The Men Who Killed Ahmaud Arbery Were Convicted of Murder. Now They Are on Trial for Racism.

Three men chased Ahmaud Abery in Brunswick, Georgia in 2020. This resulted in a fatal confrontation. They were all convicted by a Georgia state jury of murder in November. They were all sentenced to life imprisonment. Now, the three same white men face federal trial for similar conduct. FurtherLife sentences are possible if the prosecutors convince the jury that Arbery was targeted “because he is black.”

This second prosecution, according to the Supreme Court does not constitute double jeopardy. Federal and state offenses, which are defined by different “sovereigns,” do not count as “the same offense”. You might be wondering why the federal government bothers to prosecute Travis McMichael and Gregory McMichael again, when they are all already on life sentences.

It seems that they want to label them racists and murderers. Shan Wu, a former federal prosecutor, stated that this is exactly the type of case that you need to make it clear that the Justice Department will not tolerate racist hate that leads to violence. The Washington Post. Federal prosecutors will use this trial to make moral statements about the defendants, something that isn’t normally seen as legitimate by criminal courts.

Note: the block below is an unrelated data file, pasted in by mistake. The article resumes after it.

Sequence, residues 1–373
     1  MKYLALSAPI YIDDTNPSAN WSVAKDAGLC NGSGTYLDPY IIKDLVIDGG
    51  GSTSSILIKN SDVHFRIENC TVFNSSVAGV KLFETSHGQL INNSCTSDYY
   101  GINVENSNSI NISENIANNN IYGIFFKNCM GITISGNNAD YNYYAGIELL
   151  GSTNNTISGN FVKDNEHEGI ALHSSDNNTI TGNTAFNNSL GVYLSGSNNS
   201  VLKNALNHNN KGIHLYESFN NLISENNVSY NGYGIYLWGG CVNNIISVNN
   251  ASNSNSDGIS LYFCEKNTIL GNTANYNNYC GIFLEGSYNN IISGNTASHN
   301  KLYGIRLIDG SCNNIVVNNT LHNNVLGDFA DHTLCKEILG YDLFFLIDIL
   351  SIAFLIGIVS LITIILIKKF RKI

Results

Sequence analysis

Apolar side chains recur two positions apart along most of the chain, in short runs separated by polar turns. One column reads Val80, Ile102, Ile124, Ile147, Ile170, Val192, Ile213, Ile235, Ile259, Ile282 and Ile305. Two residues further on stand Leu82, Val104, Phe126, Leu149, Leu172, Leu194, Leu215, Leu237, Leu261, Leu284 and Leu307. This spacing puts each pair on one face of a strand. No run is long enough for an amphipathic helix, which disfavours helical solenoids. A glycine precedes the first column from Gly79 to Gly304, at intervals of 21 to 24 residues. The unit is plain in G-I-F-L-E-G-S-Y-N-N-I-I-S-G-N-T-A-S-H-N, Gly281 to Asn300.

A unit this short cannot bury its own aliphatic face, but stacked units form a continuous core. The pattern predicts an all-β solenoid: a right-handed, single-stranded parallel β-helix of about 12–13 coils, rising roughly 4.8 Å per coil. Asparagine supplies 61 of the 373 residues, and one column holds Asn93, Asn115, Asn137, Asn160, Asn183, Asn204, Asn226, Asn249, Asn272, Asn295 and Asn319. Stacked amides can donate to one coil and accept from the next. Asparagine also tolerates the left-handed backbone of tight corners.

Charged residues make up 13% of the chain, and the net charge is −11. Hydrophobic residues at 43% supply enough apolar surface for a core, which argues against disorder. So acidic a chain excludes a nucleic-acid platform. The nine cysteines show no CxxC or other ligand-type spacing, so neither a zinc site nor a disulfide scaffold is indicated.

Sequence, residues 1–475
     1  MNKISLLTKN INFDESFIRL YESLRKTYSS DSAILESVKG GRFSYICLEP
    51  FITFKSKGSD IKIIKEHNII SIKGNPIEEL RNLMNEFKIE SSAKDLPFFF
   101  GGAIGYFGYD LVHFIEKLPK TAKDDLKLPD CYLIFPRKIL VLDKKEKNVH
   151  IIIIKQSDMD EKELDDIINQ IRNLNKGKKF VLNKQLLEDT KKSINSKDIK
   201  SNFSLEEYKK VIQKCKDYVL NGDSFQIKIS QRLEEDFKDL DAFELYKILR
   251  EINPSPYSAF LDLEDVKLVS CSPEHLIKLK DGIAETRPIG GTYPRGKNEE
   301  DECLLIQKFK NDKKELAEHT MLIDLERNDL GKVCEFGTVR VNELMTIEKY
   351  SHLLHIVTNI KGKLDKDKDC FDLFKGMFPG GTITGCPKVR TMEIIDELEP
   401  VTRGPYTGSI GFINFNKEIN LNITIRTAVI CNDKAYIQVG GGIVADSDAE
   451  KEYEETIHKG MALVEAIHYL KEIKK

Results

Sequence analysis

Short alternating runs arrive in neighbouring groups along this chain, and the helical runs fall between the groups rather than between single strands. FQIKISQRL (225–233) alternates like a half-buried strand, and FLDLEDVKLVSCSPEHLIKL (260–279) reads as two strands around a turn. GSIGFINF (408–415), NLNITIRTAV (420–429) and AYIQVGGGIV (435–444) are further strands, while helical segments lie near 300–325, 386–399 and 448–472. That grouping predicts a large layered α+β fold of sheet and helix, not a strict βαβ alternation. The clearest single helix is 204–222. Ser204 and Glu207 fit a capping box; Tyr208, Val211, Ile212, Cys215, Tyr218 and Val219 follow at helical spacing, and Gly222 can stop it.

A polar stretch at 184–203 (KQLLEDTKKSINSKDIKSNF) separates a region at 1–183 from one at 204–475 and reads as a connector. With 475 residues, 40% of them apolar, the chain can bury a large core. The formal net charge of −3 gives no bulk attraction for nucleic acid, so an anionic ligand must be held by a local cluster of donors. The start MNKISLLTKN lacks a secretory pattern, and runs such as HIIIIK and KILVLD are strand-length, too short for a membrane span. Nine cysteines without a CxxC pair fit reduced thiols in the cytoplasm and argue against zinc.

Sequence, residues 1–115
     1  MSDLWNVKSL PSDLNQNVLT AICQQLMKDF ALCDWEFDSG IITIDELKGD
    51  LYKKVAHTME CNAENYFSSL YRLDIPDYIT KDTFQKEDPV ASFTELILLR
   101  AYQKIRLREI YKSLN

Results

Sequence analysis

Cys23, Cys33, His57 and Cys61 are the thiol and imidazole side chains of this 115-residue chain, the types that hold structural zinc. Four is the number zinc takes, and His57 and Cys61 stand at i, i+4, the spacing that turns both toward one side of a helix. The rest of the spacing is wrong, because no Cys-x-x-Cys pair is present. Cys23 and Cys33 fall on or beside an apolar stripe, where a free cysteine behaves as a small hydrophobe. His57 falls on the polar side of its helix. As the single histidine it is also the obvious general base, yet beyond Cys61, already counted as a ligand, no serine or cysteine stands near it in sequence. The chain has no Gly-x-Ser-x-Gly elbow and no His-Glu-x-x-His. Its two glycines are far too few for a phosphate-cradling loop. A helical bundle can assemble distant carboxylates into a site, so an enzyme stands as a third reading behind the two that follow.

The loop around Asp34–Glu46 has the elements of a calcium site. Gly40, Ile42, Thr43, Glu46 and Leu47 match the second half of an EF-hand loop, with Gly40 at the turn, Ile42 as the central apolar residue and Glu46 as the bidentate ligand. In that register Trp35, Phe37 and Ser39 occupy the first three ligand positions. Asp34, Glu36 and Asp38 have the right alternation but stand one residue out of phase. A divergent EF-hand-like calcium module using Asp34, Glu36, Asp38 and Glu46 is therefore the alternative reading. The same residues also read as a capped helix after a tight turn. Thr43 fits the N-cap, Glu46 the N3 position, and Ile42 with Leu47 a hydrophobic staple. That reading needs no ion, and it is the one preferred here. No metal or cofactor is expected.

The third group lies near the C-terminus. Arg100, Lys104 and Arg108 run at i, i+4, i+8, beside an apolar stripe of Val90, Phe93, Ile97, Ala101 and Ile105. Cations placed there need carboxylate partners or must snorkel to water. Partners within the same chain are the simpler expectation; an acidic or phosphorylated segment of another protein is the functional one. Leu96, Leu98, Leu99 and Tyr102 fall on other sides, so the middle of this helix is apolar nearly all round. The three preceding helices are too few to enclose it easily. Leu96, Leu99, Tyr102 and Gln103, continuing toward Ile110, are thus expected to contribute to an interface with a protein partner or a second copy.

Yesterday, The New York TimesReports state that the jury received “voluminous digital evidence proving racism” to establish the defendants’ guilt. That evidence included a meme that Gregory McMichael—who first deemed Arbery suspicious and accompanied his son, Travis McMichael, in the pickup truck they used to chase him—shared on social media in 2016. The post stated that white Irish slaves had been treated more harshly than other races in America. It was followed by vulgar language that compared the Irish to other ethnic or racial groups demanding ‘free things’.

Travis McMichael was also mentioned in the prosecution’s response to “a video showing a Black person making a joke.” McMichael the younger, who shot the gun that killed Arbery “reacted with a racist epithet” and stated he would shoot the person who had made the joke.